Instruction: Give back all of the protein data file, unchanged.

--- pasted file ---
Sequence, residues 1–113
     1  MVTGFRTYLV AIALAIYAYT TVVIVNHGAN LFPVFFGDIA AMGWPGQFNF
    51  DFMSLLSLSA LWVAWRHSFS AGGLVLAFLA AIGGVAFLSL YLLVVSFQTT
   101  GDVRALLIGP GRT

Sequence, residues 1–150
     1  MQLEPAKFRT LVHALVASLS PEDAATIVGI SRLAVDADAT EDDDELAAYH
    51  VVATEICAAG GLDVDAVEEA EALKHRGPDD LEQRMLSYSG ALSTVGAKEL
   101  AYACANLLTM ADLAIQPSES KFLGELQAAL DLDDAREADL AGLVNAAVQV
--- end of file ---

Sequence, residues 1–113
     1  MVTGFRTYLV AIALAIYAYT TVVIVNHGAN LFPVFFGDIA AMGWPGQFNF
    51  DFMSLLSLSA LWVAWRHSFS AGGLVLAFLA AIGGVAFLSL YLLVVSFQTT
   101  GDVRALLIGP GRT

Sequence, residues 1–150
     1  MQLEPAKFRT LVHALVASLS PEDAATIVGI SRLAVDADAT EDDDELAAYH
    51  VVATEICAAG GLDVDAVEEA EALKHRGPDD LEQRMLSYSG ALSTVGAKEL
   101  AYACANLLTM ADLAIQPSES KFLGELQAAL DLDDAREADL AGLVNAAVQV